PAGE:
The last post had the pair returning to their usual nest site on Midway’s Sand Island in November, but no egg ensued and the birds departed (click here). This month they returned for a few days, raising hopes of an egg. However, news from the Friends of Midway Atoll National Wildlife Refuge seems to confirm the pair are taking a "gap year”:
“Wisdom and her mate Akeakamai were lately observed sitting together on Thursday, January 16. Akeamakai was this time sitting tightly on a nest cup in the same spot as their 2018-2019 nest; which was a surprise and potentially a sign of a late egg. However, neither bird was observed during the following days, and no egg was revealed in the nest cup. The pair is certainly skipping a nesting year.”
Wisdom (wearing red Z333) near her nest site on 13 January 2020, photograph by Theresa Geelhoed, Kupu Volunteer Crew Leader
Further news is that one of Wisdom’s youngsters has been returning:
“Interestingly, Wisdom’s chick from 2011 was that day walking a few feet away from the pair. Since Wisdom's offspring were first banded in 2011, this is the only chick that has been observed returning to Midway. It is important to note that Wisdom was able to rear this chick at a very late age, at least 59 years old. The "youngster," who has not been given a name but bears a red and white color band with the unique code of "N333" was first spotted at the same location in March 2018 but has not yet been observed on a nest. We know that albatrosses tend to return to their nesting ground to breed and nest. In the coming years, it will be interesting to witness the location chosen by Wisdom’s chick to continue the legacy of the family”.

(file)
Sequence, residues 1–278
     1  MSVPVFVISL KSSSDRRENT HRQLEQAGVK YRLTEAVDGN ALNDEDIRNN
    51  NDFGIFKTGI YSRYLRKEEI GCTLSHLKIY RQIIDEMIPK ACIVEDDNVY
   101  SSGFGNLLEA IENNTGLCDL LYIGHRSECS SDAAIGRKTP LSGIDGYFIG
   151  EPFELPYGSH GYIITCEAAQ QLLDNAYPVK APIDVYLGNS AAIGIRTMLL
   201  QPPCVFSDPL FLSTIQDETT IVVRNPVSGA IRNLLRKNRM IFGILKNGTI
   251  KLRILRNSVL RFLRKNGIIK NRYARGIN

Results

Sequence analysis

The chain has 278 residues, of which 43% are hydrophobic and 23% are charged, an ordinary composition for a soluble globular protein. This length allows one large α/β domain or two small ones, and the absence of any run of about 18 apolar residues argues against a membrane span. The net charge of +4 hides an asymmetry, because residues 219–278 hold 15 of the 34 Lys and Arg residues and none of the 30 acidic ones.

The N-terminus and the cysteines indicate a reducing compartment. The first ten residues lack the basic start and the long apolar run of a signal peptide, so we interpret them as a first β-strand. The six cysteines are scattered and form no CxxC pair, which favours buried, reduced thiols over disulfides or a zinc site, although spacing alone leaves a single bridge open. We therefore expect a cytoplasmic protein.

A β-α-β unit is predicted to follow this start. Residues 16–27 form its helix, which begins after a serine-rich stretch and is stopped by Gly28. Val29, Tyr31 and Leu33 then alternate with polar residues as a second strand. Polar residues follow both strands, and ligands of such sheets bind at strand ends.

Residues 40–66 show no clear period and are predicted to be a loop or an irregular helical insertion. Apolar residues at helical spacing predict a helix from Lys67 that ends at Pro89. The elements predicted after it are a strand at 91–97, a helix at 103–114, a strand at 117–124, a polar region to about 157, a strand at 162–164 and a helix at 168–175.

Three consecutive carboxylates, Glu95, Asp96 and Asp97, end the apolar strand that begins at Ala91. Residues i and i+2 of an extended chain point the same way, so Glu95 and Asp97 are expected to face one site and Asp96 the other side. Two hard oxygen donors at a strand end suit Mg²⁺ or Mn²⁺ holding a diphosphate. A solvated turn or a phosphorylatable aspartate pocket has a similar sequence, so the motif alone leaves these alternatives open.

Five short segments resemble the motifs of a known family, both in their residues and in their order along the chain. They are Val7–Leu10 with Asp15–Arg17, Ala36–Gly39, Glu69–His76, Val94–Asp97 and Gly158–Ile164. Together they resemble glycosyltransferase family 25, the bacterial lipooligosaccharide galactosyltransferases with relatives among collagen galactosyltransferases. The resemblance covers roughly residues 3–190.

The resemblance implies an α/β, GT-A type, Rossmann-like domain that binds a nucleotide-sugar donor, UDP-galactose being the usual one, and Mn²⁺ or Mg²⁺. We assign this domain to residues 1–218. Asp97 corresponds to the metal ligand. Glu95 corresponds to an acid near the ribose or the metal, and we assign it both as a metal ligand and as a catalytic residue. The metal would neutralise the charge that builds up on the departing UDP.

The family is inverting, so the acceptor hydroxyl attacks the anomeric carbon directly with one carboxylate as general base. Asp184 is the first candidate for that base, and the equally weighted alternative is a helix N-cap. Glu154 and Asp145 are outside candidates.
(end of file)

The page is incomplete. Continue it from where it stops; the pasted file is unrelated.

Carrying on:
ACAP’s Information Officer (who also has a Z333 band) is already looking forward to the 2020/21 breeding season, when Wisdom will be joining him in the septuagenarian ranks. You are only as old as you feel!
You can read more about Wisdom's history - and the threats she and her conspecifics face - here.
John Cooper, ACAP Information Officer, 30 January 2020